Role of Podiatry in Diabetes Care
May 25, 2018
Diabetes affects the foot primarily due to the development of nerve disease (neuropathy).
Development of large calluses leads to death of the underlying tissue, forming tropic ulcers.
Appropriate footwear redistributes the foot pressures evenly and prevents the development of calluses.
A podiatrist is an essential member of the diabetes care team who examines the feet of diabetes patients, assesses their risk of developing complications and prescribes preventive or therapeutic measures.
Diabetes affects the foot primarily due to the development of nerve disease (neuropathy). Due to neuropathy, the small muscles of the feet become weak leading to deformities such as claw toes and hammer toes. Presence of these deformities leads to abnormally high pressures being exerted at different parts of the soles of the feet. The foot responds to these high pressures by laying down layers of skin, forming a corn or a callus. Corns and calluses may be painful, but they are more often asymptomatic in diabetes patients who have neuropathy.
Development of large calluses leads to death of the underlying tissue, forming ulcers, which are called tropic ulcers. These ulcers are usually not evident all the way to bone, leading to bone infection (osteomyelitis) which is very difficult to treat. The infection can also spread all the way up the leg and become limb or even life threatening. It is these patients who end up in amputation.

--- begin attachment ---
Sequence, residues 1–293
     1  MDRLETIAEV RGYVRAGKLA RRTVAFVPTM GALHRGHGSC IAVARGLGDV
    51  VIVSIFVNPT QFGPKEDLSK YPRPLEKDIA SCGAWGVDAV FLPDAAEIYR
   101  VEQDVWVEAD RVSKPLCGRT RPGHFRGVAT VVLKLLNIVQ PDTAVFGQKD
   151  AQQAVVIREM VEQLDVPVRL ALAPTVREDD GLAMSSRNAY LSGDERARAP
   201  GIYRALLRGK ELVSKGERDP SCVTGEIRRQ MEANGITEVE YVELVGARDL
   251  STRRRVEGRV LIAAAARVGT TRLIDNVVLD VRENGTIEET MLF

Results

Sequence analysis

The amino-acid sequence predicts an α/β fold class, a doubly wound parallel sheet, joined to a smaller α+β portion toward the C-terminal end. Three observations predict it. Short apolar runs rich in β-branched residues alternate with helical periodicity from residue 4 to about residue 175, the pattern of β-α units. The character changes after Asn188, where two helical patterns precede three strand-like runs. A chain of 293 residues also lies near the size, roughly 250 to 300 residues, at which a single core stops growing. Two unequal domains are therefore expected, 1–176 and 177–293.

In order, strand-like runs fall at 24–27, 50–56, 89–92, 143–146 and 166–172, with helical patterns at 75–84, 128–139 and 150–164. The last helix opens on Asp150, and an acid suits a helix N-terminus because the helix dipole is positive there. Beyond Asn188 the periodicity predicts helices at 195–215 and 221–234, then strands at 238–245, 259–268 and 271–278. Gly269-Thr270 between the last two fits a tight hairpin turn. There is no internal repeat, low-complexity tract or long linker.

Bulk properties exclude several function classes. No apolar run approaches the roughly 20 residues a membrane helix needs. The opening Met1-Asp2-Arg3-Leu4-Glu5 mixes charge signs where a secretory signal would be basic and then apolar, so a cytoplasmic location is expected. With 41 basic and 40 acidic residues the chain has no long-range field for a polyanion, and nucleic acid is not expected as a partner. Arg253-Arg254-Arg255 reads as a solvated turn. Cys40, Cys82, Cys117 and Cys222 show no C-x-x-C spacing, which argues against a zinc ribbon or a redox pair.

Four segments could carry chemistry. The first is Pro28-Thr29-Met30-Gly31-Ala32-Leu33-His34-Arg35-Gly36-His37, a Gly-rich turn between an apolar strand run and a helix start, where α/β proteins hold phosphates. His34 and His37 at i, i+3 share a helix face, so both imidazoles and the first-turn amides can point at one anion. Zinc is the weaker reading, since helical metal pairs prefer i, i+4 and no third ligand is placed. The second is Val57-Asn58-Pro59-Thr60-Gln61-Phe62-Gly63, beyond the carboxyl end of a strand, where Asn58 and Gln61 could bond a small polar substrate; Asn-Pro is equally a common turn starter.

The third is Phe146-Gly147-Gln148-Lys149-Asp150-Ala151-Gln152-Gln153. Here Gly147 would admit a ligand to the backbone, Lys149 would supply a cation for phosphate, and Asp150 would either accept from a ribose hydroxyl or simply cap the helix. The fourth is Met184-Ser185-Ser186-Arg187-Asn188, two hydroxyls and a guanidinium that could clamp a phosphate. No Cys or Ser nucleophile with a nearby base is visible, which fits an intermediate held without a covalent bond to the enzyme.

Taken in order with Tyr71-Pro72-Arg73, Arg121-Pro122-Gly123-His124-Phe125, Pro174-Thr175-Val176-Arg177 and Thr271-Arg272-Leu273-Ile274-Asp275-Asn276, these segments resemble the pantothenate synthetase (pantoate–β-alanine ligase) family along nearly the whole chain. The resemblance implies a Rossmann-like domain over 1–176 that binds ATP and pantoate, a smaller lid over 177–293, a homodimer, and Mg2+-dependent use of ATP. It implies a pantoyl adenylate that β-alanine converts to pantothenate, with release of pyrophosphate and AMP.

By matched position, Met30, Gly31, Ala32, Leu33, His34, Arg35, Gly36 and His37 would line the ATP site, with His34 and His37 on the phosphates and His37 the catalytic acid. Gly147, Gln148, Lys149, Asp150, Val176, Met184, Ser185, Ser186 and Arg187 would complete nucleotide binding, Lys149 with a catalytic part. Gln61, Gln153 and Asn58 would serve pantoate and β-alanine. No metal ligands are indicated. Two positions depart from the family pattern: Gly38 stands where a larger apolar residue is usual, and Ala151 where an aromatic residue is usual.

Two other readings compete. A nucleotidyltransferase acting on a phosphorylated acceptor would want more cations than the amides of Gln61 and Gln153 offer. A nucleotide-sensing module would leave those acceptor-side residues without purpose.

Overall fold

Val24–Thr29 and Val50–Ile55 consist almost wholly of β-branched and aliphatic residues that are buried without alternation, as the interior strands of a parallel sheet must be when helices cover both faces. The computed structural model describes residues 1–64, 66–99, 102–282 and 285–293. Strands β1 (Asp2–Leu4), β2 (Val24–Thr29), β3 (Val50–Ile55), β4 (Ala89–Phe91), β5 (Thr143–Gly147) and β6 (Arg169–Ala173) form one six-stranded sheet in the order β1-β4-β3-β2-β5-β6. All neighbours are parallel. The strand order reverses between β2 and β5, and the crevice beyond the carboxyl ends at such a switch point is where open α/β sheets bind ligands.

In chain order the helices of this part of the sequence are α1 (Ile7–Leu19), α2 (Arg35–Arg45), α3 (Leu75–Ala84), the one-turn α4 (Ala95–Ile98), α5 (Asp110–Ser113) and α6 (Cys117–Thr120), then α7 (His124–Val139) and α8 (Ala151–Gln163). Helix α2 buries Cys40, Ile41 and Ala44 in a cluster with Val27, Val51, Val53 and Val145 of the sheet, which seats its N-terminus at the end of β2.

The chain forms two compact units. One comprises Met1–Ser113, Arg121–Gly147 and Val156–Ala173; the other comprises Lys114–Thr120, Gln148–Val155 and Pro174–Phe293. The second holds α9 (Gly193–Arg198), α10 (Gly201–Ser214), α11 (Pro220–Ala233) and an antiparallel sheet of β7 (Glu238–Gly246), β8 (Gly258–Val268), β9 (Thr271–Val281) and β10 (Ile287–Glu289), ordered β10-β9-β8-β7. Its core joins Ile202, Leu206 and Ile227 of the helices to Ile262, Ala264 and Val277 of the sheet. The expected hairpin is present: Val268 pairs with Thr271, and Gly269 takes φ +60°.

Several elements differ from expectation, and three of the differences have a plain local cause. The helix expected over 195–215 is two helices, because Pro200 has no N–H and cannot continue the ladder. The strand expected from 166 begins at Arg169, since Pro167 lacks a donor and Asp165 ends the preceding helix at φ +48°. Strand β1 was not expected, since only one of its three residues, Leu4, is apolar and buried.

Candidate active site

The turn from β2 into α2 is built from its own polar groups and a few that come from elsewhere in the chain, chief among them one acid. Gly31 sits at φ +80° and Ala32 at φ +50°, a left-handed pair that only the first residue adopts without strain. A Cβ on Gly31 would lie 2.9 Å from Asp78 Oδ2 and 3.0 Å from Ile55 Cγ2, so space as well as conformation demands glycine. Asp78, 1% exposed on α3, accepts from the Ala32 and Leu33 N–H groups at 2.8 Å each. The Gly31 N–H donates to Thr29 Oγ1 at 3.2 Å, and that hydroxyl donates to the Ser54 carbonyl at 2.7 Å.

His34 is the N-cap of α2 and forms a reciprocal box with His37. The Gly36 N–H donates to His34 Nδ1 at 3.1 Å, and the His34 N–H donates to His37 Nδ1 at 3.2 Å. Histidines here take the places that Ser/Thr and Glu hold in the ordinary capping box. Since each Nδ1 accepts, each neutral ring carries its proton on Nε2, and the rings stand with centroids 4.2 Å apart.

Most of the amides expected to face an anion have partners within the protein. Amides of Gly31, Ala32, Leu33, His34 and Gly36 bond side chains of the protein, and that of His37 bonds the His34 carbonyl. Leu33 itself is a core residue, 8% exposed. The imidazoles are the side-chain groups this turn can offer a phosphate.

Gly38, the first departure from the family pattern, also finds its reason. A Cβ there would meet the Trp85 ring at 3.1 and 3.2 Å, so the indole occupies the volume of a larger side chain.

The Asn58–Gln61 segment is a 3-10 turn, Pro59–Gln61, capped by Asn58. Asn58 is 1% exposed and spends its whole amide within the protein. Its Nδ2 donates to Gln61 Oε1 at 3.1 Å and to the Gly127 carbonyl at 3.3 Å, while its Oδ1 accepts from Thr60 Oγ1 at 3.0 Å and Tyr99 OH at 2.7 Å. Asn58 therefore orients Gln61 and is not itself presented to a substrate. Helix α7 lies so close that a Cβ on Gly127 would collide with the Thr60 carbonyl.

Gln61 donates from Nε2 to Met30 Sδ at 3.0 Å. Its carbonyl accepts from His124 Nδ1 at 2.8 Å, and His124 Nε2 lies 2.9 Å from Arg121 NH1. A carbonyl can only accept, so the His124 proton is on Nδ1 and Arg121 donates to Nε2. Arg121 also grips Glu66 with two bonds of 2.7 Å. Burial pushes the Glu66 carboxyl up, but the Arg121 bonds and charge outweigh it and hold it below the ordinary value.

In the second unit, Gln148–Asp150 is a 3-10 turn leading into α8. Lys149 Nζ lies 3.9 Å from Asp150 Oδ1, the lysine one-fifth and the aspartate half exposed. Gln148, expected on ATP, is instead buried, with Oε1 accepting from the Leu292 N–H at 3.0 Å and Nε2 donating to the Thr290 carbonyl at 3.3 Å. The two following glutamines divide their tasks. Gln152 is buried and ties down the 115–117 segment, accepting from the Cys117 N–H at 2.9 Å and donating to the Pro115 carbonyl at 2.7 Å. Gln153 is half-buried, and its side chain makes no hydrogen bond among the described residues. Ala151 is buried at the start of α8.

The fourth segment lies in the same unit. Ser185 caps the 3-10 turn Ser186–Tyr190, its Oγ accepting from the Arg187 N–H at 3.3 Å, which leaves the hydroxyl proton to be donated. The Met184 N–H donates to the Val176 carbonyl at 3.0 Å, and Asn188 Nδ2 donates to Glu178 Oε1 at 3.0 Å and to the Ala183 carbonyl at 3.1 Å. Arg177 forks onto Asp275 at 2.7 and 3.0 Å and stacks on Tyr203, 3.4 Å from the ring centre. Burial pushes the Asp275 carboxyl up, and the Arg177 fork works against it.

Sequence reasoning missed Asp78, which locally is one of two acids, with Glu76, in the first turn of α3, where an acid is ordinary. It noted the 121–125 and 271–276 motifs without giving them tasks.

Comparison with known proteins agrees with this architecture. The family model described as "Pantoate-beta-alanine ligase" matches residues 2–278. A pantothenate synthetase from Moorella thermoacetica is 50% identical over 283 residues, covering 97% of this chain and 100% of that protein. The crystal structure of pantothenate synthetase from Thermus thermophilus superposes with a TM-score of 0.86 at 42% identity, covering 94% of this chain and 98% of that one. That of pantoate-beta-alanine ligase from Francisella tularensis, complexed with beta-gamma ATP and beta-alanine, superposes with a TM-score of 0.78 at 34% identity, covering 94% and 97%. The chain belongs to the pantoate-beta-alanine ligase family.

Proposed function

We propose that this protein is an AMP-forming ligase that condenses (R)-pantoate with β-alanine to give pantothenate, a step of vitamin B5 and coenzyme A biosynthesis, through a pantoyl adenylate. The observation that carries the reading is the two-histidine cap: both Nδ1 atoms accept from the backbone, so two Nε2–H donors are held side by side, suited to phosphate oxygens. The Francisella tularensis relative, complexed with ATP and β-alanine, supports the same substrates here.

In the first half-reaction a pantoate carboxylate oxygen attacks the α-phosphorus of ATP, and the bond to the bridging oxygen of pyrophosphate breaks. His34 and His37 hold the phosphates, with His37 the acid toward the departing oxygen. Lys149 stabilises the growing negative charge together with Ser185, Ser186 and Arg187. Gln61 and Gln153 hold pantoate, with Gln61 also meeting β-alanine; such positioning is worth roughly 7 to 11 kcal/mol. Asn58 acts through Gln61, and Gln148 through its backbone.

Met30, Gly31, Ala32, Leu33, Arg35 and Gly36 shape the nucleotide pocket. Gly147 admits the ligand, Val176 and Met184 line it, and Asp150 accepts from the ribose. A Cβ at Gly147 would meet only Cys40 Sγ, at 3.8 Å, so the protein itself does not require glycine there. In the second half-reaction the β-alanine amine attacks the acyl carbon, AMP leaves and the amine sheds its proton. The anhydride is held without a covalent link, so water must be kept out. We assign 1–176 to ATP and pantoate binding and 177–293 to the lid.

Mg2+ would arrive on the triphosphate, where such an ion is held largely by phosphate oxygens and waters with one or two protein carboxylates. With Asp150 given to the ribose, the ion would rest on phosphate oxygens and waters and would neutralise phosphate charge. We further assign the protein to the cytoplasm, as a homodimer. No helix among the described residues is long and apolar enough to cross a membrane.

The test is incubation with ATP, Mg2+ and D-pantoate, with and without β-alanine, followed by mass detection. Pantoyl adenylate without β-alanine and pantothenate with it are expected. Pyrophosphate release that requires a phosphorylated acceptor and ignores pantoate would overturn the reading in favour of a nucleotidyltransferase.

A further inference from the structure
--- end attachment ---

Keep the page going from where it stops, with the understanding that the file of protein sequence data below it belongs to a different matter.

Early assessment of the feet can detect neuropathy and abnormal foot pressures. At this stage, the podiatrist recommends appropriate footwear to redistribute the foot pressures evenly and prevent the development of calluses.
If the patient already has a callus, the podiatrist scrapes away the callus in such a way that the callus is removed without causing an ulcer. Thereafter, if the patient uses appropriate footwear, the callus should not recur.
If the patient already has a thick callus with an underlying ulcer, the podiatrist uses different techniques to heal the ulcer, including total contact casting, felt and appropriate footwear. However, these ulcers are often difficult to heal completely on account of the presence of bone deformities. In such cases, the podiatrist performs limb salvage surgeries which correct the deformities and prevent recurrence of callus and ulcer.